Paradise Lost – At The Mill
Release Date: 16/07/2021
Review by Simon Black
One thing about a new record from Paradise Lost, is that you are never quite sure what you are going to get, especially live. Let’s face it, these dour chaps from darkest Yorkshire have certainly run the gamut of styles since “Lost Paradise” first appeared on the erstwhile Peaceville label so many moons ago. That record marked the true birth of Gothic Metal, from the deeply heavy down-tuned melodies, Greg Macintosh’s blisteringly moody and flowing solos and Nick Holmes’ distinctive Death Metal style vocals. By the time I had got into them properly when “Icon” was released in 1993, they had moved up to the much larger reach of Music For Nations and Holmes vocal style had shifted to a more mainstream Metal grunt – part Hetfield, part leonine roar. This style was cemented on their magnum opus “Draconian Times”, which is still one of my top ten all-time favourite records. Then they surprised everyone by revealing that Depeche Mode was also as big an influence as Black Sabbath and as the labels got upgraded to even more commercial ones, so too did their sound – to the point where they could barely be considered Rock, let alone Metal, by some fans. By the time we got to the 21st Century, the major labels and their overt commercial influence had long gone and the band started to bring back the Metal to the point where vocals have come, full circle, to a full Death grunt.
With that honest return to their roots has come success that they haven’t seen since the 90’s, with last year’s “Obsidian” seeing them return to the top forty for the first time in a long while – and rightly so – it’s a superb record (as indeed was its predecessor “Medusa”), so I was very keen to hear live renditions of material from this latest album. I would argue that, apart from the brief Synthwave glitch in the middle of Paradise Lost’s career, their musical style has actually remained pretty consistent – it’s the stylistic approach to vocals that varies the most. With that breadth of mode available in the recorded catalogue comes an unknown quantity whenever these chaps’ step onto a stage – what style is Holmes going to give us today? The answer is nearly all of the above for this recording (with the exception of the 90’s roar) and neither does he stick to using a tone consistent with what was originally recorded on the studio version. I personally don’t mind, as such is his command of technique – whatever he chooses invariably works. That flexibility and variety is a life saver here…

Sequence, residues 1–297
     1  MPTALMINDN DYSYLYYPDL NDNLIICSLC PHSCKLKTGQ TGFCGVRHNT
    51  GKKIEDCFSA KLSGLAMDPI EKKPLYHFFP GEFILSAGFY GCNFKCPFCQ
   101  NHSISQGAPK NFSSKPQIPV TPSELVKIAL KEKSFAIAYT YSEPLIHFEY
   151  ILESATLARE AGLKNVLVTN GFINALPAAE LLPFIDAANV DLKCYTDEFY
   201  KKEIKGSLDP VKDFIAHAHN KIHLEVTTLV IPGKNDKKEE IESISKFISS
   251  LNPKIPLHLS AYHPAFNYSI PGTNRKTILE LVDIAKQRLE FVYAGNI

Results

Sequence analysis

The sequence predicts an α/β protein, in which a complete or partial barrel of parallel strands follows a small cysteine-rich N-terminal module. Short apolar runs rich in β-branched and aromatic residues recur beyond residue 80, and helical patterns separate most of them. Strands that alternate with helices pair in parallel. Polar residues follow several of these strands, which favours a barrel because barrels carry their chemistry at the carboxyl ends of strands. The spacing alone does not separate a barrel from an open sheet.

This release was recorded ‘live’ from their rehearsal space in Bradford at the tail end of 2020 as a livestream, which I missed at the time. Whether you like the format or not, they have kept many bands alive and quite frankly if it’s a choice between a webcast or not, then something is eminently preferable to nothing. Their most recent release “Obsidian” donates three tracks to the set list with ‘Fall From Grace’, ‘Ghosts’ and ‘Darker Thoughts’, but I was quite surprised that only ‘Blood And Chaos’ made it from “Medusa”. In addition, for those that watched the original set, there are also three tracks that were only available previously if you purchased the VIP package included here. The vast majority of the set is 90’s favourites that have been a staple of their lives shows for a while, although despite 2020 being the 25th Anniversary of “Draconian Times”, only ‘Shadowkings’ makes it into the set.
It’s a set list that I cannot fault, but what does disappoint is the flat recording mix. Holmes and Macintosh are clear and well-presented, but the drums suffer from an excessively trebly cymbal crash and that deeply heavy, emotively visceral, Melodic Gothic rumble from Stephen Edmondson’s Bass and Aaron Aedy’s mood-manipulating Rhythm Guitar are barely audible at all. It’s like my days in a house share in the 90’s where, after a particularly lively party, our stereo was reduced to one speaker and no bass after a guest fell asleep on it and forgot to put their pint down safely first. Given that this was a controlled semi-live recording in an empty venue, more effort should have been given to this, as normally these chaps have a rich and meaty live sound to be feared and respected. Definitely a case of trouble at’ Mill…
What makes this work despite the sound challenges (which bizarrely work in the favour of the less overtly Metal tracks), is the fact that Holmes’ is absolutely on blisteringly tight form. From the brutal rendition of ‘Widow’ that opens the set, to the incredibly haunting delivery of ‘Faith Divides Us, ‘Death Unites Us’ he completely and utterly commands the listener’s attention. Even the Synthwave infused ‘So Much Is Lost’ works, due to the heart and soul he pours into it. None more so that the hauntingly beautiful closer ‘Darker Thoughts’, where his delivery echoes fatigue, raw emotion and haunted lack of hope from its acoustic and emotive intro to its booming close.
I remain slightly divided on this release even after three or four listens, as despite the teeth-grindingly frustrating mix, this also has some of the tightest musical performances I have heard from these chaps live, combined with an outstanding vocal performance from Holmes. The mix is annoying, but if you are a deep and devoted fan of this band, that’s unlikely to impede your enjoyment too much because this so far is the only chance we have had to hear live renditions from “Obsidian”, which more than makes up for engineering frustrations.
‘Darker Thoughts’ – Live At The Mill (Official Video)
02. Fall From Grace
03. Blood And Chaos
04. Faith Divides Us – Death Unites Us
07. One Second
09. The Enemy
10. As I Die
12. No Hope In Sight
13. Embers Fire
14. Beneath Broken Earth
15. So Much Is Lost
16. Darker Thoughts
Nick Holmes – Vocals
Gregor Mackintosh – Lead Guitar
Aaron Aedy – Rhythm Guitar
Stephen Edmondson – Bass
Waltteri Väyrynen – Drums
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